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Prof. Dr. Karin Lochte was elected as new member of the German Acadamy of Science and Engineering

26 October 2010. The General Assembly of acatech - German Academy of Science and Engineering elected Prof. Dr. Karin Lochte, Director of Alfred Wegener Institute for Polar and Marine Research, as a new member. acatech represents the interests of sciences and technology in Germany and abroad. As a working academy, acatech supports policy makers and society with technically qualified evaluations and far-sighted recommendations. Furthermore the academy provides a platform for exchange between the sciences and business and is committed to supporting young scientists and engineers. The members of acatech are admitted into the organisation based on their outstanding scientific achievements and excellent reputation.
More information on the acatech-website.


A good start at the Alfred Wegener Institute

21 October 2010. All employees who recently started working at the Alfred Wegener Institute were invited to an AWI Welcome Event on Thursday. In addition to Prof. Karin Lochte’s address of welcome on behalf of the directorate, the scientific divisions as well as administrative and infrastructural departments and committees like the staff council introduced themselves. A good chance to get to know responsible contact persons and to learn more about AWI’s work. “Know I feel a little bit more at home”, said for example Xuezhu Wang from the Ocean University of China. But the Alfred Wegener Institute is not only a very popular place of work for scientists. „I couldn’t imagine a better apprenticeship“, said Marc Fanno, trainee in the computing and data center. And his colleague Daniel Fricke added: „This meeting today is very good for getting a first contact to the scientists.“ The Welcome Event ended with a guided tour on the research vessel Polarstern.




Ostend Declaration calls for a Blue Future for Europe

Ostende Declaration  Photo VLIZ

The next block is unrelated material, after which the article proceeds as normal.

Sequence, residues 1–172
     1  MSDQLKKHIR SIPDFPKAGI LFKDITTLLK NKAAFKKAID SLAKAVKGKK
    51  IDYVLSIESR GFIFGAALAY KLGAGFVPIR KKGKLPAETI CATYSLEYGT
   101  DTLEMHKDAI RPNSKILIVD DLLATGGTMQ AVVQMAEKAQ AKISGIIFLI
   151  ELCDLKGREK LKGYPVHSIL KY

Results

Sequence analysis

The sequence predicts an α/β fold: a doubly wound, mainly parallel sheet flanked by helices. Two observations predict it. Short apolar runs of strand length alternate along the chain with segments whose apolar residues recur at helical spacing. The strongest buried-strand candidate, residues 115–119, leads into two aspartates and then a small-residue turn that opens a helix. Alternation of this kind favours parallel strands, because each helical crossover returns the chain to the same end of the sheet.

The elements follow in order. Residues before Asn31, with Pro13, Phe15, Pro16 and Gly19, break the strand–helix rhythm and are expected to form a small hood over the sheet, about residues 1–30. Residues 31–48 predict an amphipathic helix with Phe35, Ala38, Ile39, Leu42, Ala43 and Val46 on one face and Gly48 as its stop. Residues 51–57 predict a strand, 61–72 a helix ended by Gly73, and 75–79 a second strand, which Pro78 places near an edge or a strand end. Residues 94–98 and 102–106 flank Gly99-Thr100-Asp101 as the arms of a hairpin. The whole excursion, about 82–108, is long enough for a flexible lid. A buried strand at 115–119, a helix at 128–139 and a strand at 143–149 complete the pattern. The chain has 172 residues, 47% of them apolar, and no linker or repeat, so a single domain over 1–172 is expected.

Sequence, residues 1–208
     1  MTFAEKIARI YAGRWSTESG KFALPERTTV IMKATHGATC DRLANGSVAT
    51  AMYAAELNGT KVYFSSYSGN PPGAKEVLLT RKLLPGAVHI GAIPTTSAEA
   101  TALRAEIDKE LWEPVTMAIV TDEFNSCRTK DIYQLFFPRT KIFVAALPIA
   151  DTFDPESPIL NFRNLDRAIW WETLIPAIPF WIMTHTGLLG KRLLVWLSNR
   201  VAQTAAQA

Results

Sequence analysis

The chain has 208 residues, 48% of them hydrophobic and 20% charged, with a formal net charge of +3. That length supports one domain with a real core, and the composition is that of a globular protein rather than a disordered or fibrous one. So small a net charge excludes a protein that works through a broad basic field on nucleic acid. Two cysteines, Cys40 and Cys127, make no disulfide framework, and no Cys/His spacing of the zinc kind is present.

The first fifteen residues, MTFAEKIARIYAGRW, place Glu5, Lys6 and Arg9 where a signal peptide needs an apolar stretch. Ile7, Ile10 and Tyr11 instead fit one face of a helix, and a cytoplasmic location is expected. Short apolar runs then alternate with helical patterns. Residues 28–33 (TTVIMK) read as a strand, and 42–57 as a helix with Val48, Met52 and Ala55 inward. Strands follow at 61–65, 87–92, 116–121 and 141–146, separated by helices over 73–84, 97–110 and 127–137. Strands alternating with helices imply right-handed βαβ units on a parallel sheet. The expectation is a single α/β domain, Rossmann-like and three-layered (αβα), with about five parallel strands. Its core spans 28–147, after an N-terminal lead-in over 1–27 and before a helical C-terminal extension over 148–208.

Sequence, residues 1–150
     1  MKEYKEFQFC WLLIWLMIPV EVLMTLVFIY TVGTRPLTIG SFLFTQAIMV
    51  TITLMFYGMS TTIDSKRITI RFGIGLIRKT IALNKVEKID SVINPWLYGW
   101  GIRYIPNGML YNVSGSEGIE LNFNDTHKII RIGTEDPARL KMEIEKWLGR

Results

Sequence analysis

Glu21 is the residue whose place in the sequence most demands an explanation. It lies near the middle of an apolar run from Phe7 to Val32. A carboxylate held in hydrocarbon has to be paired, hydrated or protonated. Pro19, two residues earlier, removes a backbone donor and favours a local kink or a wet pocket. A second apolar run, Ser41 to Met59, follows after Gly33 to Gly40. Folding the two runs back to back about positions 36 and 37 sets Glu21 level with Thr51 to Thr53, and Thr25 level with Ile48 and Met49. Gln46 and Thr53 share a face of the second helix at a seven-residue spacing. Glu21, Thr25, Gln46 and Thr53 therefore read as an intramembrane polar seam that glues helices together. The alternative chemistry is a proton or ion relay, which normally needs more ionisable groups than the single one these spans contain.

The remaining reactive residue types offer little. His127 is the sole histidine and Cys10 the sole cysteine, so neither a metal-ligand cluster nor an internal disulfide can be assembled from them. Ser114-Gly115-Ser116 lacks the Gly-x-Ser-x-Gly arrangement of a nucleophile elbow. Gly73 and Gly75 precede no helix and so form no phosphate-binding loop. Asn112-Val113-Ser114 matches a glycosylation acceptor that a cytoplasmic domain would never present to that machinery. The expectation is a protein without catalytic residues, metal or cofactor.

14 October 2010. Marine scientists from across Europe gathered in Ostend at the EurOCEAN 2010 Conference from 12 – 13 October to discuss the future priorities for European marine research in the coming decade and unanimously agree that the "Seas and Oceans are one of the Grand Challenges for the 21st Century". This message is the headline of the Ostend Declaration which was adopted on the second day of the conference following a broad consultation with the marine and maritime research community and relevant stakeholders in Europe in the months leading up to the conference. The declaration will act as a guideline to address the grand challenges and opportunities facing Europe’s seas and oceans in the coming decade. Presenting the Ostend Declaration to Máire Geoghegan-Quinn, the EU Commissioner for Research, Innovation and Science, Lars Horn (Marine Board-ESF chair) said: “The marine community has identified the key challenges facing us in the coming years. Across Europe, scientists are working together to ensure the potential health and wealth that could come from our seas and oceans. In return, there is a need to safeguard the future health of our seas too. We need to underpin this by observing and monitoring changes.” Máire Geoghegan-Quinn welcomed the Ostend Declaration “as an impetus for new ideas to boost marine research to innovate and address the challenges represented by our seas and oceans”.
Read more on the website EurOCEAN 2010 and see the declaration on the conference-website.


Science goes art: By pedal boat to an iceberg – 35000 people visited the Ruhr Atoll

Iceberg at Ruhr Atoll Photo:Ruhr 2010 Jan Pauly

12 October 2010. Sounds of the Antarctic Ocean in the middle of the Ruhr area. What happens, when art is exploring science – and science gets involved into art, was shown for 150 days in Essen. Since the opening in May, 35.000 visitors traveld by pedal boat to the Ruhr Atoll with its five swimming art islands in the Baldeneysee. Artists and scientists had been invited to develop together swimming works of art. 20 internationally well known artists designed models and concepts for the so called Ruhr Atoll. For the installation in the lake five projects were selected by a jury. Among the „winners“ was the „Iceberg“, which was designed by the artist Andreas Kaiser and the polar reseacher Dr. Lars Kindermann from the Alfred Wegener Institut. A container like the  Perennial Acoustic Observatory in the Antarctic Ocean (PALAOA) was installed in the artifical iceberg.  PALAOA was set up in December 2005 on the Ekström ice shelf, near the German Neumayer Station. Since then, it almost continuously records the underwater soundscape in the vicinity of the ice shelf edge. Some of these sounds were integrated by the artist and the scientist into the artifical iceberg, which visitors reached by pedal boat. Four people at a time were allowed to go inside the iceberg to listen to the sounds of the Antarctic Ocean. More information: website of the art project Ruhr Atoll, sounds from Antarctica: PALAOA website


Albert Maucher Award 2010 for Palaeoclimate Researcher Ulrike Herzschuh

10 October 2010. Assistant professor Ulrike Herzschuh from the Potsdam Research Unit of the Alfred Wegener Institute  for Polar and Marine Research receives this year's Albert-Maucher Award. The German Research Association (Deutsche Forschungsgemeinschaft, DFG) honours the palaeoclimate scientist for excellent geological research. The prize worth 10.000 Euro is going to be awarded Octobre 10th in Frankfurt. Further information:  DFG press release; press release Potsdam university...


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